What We're Reading in November, 2016:
Bara medlemmar i LibraryThing kan skriva.
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by Arthur L. Guptill
Originally written in 1946 and re-released several times, Arthur L. Guptill had been given permission and cooperation from Norman Rockwell to write this book on Rockwell's life as an illustrator. The book contains some of Rockwell's most famous paintings and provides details of his art process. Rockwell goes over how he decides on what to paint, facts about some of his most famous paintings and his use of his neighbors and family as models. While not a true biography, we get a look at his life as an artist. Very interesting!
In the mid 1800's a young religious man called John Humphrey Noyes feels a calling to start a new faith community in rural New York called the Oneida Community. This community based on free love, equality of the sexes and eugenics takes off. Ellen Wayland-Smith, an ancestor of Noyes writes a compelling story of the history of her ancestor, the community he developed and the silver wear the community made to support themselves.
In 1916, two young, upper class women graduates of Smith College decide to travel to a rural mountain community in Colorado to teach children for a year.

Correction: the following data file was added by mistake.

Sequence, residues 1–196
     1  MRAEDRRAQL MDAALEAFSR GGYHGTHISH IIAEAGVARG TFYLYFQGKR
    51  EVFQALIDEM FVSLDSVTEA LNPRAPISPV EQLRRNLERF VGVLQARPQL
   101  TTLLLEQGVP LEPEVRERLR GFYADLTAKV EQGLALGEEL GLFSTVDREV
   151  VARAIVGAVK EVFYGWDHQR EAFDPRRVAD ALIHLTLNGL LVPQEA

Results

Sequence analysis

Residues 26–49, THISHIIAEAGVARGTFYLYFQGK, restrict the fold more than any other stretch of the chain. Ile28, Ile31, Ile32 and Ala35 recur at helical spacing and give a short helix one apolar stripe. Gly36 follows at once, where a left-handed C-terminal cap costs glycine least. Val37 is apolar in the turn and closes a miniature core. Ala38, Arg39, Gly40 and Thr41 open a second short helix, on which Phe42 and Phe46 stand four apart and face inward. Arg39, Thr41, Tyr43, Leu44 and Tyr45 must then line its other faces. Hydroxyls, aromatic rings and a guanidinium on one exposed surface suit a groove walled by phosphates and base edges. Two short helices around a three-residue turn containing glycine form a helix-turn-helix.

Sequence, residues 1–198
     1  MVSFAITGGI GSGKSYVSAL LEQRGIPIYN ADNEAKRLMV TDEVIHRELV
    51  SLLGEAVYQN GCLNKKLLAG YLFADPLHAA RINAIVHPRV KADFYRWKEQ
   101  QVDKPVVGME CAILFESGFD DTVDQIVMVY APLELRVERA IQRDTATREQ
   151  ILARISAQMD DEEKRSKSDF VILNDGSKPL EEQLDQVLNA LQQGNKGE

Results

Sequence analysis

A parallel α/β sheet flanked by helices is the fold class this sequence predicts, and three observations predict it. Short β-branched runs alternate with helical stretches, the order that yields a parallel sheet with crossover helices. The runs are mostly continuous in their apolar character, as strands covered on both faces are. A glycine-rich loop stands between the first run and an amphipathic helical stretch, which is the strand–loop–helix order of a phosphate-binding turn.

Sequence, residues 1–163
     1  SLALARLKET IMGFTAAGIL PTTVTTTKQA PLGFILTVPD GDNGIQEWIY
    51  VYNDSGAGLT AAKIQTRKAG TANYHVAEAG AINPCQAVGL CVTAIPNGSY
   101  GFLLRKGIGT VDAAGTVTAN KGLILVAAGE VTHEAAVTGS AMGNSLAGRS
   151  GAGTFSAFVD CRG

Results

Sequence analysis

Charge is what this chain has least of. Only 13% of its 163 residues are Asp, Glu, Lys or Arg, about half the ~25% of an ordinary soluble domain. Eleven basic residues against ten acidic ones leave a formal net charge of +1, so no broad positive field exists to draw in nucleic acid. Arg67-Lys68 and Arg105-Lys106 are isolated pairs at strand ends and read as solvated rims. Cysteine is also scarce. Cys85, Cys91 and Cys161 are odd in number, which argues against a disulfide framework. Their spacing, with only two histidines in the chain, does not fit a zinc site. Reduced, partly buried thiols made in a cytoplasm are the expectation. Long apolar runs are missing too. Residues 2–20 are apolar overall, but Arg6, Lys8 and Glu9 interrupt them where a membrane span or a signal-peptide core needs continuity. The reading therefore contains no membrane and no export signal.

Dorothy Woodruff and Rosamund Underwood had spent time on the continent and were home wondering what they were going to do. Neither was engaged to be married at the time and were at loose ends. In the meantime, Ferry Carpenter, lawyer and businessman from Colorado was looking for women to come and teach in his community and maybe even marry and stay in the community. The two women eagerly take on this commitment in a far different environment and cultural setting than they were used to in their lives and came away with an appreciation for their experience. This book is based on the women's letters and readers will experience their lives in a unfamiliar setting and feel their enthusiasm in taking on a new adventure.
I really enjoyed this book which was written by Dorothy's granddaughter who is an executive director and writer at The New Yorker.